From 2022 on, the US quarter coin will depict five women whose life work have had a great impat on the history of the US. The first is Maya Angelou, artist and civil rights icon that died in 2014. This not only indicates the value of political recognition of women, but also an indication that progress is being made in the collective understanding of marginalization and discrimination.
A picture of hope
My mother had a special jewelry box inlaid with mother-of-pearl flowers and butterflies. Inside it held a little ballerina that danced to music, tiny boxes of rings and necklaces from her mother, and some of our baby teeth. When occasionally she shared the contents with us, she would open a small silk pouch and pull out two 1979 Susan B. Anthony coins, their shape seemed slightly different with implied squared edges. As a girl, these coins felt mysterious to me, evoking a snese of wonder and a wish. I did not know this was the first time a woman was represented on a coin, nor did I realize their significance
These moments of identification with female leaders, wherever I could find them, were important to me. They were made even more vibrant if their skin and hair were dark like mine. With a lack of representational images in a main stream culture, I found myself identifying with my TV heroes; Woder Woman, Jem, and Charlie’s Angels. My first-generation immigrant friends all wondered about these attempts to find ourselves in American culture. Where in everyday life could we see people we identified with? Women who looked like us?
The Sacagawea dollar coin, issued in 2000, was special with its golden olor depicting mother and child, but like the Susan B. Anthony dollar coin, their power as currency never gained traction. Quarters still have more efficacy in the US. Moving female depictions on currency from rarely used dollar coins to frequently used quarters is perhaps, on some level, a recognition of the power of women in mainstream society. The American Women Quarters series is now circulating into the hands of women and girls across the US, with the first coin artfully depicting Maya Angelou (April 4, 1928–May 28, 2014). Later in 2022 we will see more quarters in the series depicting astronaut Sally Ride, Principal Chief of the Cherokee Nation Wilme Mankiller, Superintendent of Santa Fe public schools, Nina Otero-Warren, and the first Asian American leading actor Anna May Wong.
In January 2021, Janet Yellen became the first female US Treasury Secretary. In this recent statement she said, «Each time we redesign our currency, we have the chance to say something about our country — what we value, and how we’ve progressed as a society. I’m very proud that these coins celebrate the contributions of some of America’s most remarkable women, including Maya Angelou.»1
A story of struggle, a song of strength
In 1999, I saw Maya Angelou speak at a local university. I recall standing in the back of the room where she spoke, crying while she invited each of us into a hopeful picture of equality and love, while detailing the searing discrimination she experienced throughout her life. The US and its culture of fame and popularity didn’t seem to fit with the sensitivity of poetry, but the auditorium where she was speaking was completely full. Along with her volumes of poetry, Angelou wrote several autobiographical books detailing her struggle, including ‹I Know Why The Caged Bird Sings›, an account of her childhood battles with racism, sexism, and trauma while growing up in Stamps, Arkansas. Throughout the book, Angelou’s belief in the power of literacy shines through, with poetry and prose bringing her back to her true self several times after traumatic events. For example, Angelou contends with complex guilt after her mother’s boyfriend, brought to trial for raping her at age 8, is murdered. She loses her ability to speak, feeling that her words are what brought death upon him. Through poetry she finds her voice again. Angelou’s courage is evident in all of her life decisions. When she gives birth to a son at the age of 16, she is determined to provide for them financially on her own and works in night clubs, as a cook, and as a sex-worker. She was also the first black female tramway conductor in San Francisco. Later she made a career as an actress, dancer, songwriter, producer, poet and civil rights activist. She was the first woman and first African-American to read her poetry at a presidential inauguration for President Bill Clinton in 1993.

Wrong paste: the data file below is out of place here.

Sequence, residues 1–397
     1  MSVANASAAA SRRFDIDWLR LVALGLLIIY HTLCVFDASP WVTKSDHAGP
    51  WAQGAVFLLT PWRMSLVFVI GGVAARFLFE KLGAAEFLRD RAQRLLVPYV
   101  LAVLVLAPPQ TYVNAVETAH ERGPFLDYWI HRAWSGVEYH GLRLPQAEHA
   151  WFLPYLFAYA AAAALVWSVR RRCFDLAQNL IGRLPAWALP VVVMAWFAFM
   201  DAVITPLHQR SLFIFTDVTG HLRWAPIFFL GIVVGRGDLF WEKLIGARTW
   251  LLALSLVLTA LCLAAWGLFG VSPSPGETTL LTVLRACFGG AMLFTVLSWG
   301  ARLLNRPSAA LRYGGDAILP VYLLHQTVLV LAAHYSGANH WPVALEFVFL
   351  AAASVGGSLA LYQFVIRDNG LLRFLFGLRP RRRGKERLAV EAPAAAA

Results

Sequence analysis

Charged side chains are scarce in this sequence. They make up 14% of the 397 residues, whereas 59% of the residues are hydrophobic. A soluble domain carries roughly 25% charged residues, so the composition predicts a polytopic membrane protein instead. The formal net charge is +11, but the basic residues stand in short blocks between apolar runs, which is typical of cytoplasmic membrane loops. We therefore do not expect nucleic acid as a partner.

Invite for compensation
When I look back at the moments in my life where the image of a remarkable woman evoked a sense of mystery within me, I see them as times of recognition of the divine feminine emerging in mainstream culture and within my own consciousness. Where else do we see this rise of the divine feminine in our culture? The Me Too movement, a new understanding of the crippling effects of the patriarchy, and Black Lives Matter all help us to understand marginalization, racism, and sexism, each of which are constructs deeply tied to the way we use money. Representation on currency is symbolic but also active and deeply real. Money is often used for power, suppression, and aggression. What might happen if these feminine depictions could allow us to bring money into its right relationship with the circulatory system? Used for flow – rather than force?
Perhaps this is too great of a wish for a coin, but Maya Angelou has a strength that seems to make all things possible. Not only is she the first black woman on a coin, she is a writer and poet whose inspiring words have impacted millions of lives. She offered us a deep and courageous vision of the divine feminine, and also a wish for balance, equity, and a sense that each of us can be treasured for who we are.
From Maya Angelou`s 1978 poem ‹Still I Rise›: «You may write me down in history / With your bitter, twisted lies, / You may trod me in the very dirt / But still, like dust, I’ll rise.»